Covid breakthrough as UK to trial skin patch vaccine that could give longer immunity

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Researchers believe the Emergex vaccine may offer longer immunity against the SARS-CoV-2 virus that causes COVID-19, when compared to the competition. Many of the Covid vaccines available today use genetic material from the coronavirus to instruct our cells on how to fight the infection. The Emergex vaccine utilises so-called T-cells – an integral part of the immune system – to kill infected cells.

This is done by releasing an antigen found on the surface of infected cells into the body that stimulates the production of T-cells.

The T-cells then track down cells with this antigen and trigger a “kill switch” to destroy it.

And unlike conventional jabs, the Emergex vaccine is administered through a thumbnail-sized skin patch lined with dozens of small needles.

Once applied, the vaccine is released into the body within seconds.

Another benefit of this technique is that the vaccine does not have to be stored in a freezer or fridge – instead, it can stay at room temperature for up to three months.

Robin Cohen, Chief Commercial Officer at Emergex Vaccines, commented: “Our T Cell priming vaccines may offer significant benefits over current COVID-19 vaccines including longer-lasting immunity and broader protection against new variants.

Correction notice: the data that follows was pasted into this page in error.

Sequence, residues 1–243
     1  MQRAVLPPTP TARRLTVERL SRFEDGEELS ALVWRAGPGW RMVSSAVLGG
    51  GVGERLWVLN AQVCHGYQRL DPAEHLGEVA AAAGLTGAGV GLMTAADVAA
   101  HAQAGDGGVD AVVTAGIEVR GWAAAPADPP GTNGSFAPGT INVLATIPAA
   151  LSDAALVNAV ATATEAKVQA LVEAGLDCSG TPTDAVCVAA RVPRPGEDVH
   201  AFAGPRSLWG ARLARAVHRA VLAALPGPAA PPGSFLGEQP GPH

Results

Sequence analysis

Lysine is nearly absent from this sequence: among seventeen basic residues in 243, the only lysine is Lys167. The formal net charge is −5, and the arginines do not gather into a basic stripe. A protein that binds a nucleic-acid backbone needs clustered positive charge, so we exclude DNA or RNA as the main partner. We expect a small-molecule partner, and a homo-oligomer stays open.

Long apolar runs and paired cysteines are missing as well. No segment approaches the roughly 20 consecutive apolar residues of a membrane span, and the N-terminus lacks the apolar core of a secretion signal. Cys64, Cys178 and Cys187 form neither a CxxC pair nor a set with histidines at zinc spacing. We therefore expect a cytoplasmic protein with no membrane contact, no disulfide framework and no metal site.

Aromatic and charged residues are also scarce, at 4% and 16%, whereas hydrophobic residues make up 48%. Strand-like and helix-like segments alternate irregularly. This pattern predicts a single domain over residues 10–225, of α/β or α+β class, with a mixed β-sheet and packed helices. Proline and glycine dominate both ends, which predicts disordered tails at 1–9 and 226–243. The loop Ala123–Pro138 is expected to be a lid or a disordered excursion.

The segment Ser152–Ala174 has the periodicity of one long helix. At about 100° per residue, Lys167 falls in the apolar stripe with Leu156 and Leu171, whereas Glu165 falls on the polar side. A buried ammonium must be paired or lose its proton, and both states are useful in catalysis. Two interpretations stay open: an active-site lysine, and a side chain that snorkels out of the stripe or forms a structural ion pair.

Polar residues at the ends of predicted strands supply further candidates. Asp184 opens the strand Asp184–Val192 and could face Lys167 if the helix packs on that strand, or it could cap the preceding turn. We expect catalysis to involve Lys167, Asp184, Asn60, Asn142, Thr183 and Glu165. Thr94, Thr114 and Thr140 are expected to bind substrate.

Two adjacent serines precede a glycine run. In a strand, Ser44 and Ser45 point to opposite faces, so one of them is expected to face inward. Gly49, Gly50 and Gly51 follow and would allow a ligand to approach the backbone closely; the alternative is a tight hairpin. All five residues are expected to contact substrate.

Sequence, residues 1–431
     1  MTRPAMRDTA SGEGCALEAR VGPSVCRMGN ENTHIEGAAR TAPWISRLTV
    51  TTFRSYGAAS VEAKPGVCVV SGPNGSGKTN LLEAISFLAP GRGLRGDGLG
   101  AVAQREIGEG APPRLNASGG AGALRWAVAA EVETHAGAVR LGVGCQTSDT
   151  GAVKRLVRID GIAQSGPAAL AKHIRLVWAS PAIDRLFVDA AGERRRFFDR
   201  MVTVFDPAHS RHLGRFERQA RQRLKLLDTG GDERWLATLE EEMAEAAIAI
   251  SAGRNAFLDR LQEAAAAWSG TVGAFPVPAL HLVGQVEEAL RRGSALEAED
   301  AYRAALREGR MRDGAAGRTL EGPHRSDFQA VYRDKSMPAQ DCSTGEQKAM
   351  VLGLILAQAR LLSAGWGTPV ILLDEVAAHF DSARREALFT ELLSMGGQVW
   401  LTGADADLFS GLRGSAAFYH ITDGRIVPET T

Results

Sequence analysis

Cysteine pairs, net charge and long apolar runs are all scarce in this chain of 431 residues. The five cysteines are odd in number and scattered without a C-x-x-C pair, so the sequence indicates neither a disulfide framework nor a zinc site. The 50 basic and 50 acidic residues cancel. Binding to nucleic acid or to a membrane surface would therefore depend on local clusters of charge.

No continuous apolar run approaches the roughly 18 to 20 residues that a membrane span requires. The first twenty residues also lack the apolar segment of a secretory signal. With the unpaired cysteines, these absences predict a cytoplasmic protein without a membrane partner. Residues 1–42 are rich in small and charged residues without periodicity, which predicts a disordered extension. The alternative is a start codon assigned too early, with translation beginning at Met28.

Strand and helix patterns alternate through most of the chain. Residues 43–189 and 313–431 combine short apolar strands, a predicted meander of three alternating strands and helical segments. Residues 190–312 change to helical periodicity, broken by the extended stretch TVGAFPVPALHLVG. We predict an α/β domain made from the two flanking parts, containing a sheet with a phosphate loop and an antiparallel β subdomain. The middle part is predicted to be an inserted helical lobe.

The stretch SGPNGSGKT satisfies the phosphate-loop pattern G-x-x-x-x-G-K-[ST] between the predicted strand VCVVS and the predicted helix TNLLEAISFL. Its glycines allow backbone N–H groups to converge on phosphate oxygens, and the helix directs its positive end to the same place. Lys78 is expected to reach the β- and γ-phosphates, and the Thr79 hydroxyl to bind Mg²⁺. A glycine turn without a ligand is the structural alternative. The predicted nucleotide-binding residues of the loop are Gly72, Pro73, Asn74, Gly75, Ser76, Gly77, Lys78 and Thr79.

“We are proud to announce the initiation of this trial and look forward to gathering data to support the development of this important next-generation vaccine.”

The first phase of the clinical trials will use randomised groups of 13 volunteers each, who will receive high and low doses of the vaccine.

The trials are expected to kick off in January next year under the supervision of Professor Blaise Gentonfrom the Center for Primary Care and Public Health at the University of Lausanne in Switzerland.

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Professor Blaise said: “Although current COVID-19 vaccines have made significant progress in reducing mortality and morbidity challenges still remain, especially with the development of new variants.

“This exciting new scientific approach to developing a vaccine against SARS-CoV-2 addresses the need to generate a T-cell response to elicit long term immunity.

“We look forward to evaluating the results as when they are available.”

In September this year, researchers at Stanford University and the University of North Carolina at Chapel Hill have also announced they had developed a 3D-printed microneedle patch used to deliver vaccines.

The patch contains 100 tiny needles each measuring just 700 micrometres long – just enough to penetrate the skin to deliver the vaccine.

The patch had been tested on mice and was found to produce an antibody response 20 times higher than a traditional jab after three weeks, and up to 50 times higher after a month.

Microbiologist Shaomin Tian said: “Our approach allows us to directly 3D-print the microneedles, which gives us lots of design latitude for making the best microneedles from a performance and cost point-of-view.”

Researchers have also been looking into the possibility of administering Covid vaccines orally.

According to Vaccines Minister Nadhim Zahawi, the Government is assessing “technologies with pills” that are being developed around the globe.

One such pill is being developed by the US-based company ImmunityBio.

Mr Zahawi said: “There are technologies with pills and others being developed around the world and we will continue to look at those.

“But we’re making sure the UK will always have the capability and capacity to manufacture the variant vaccines that will deal with any variant virus.”

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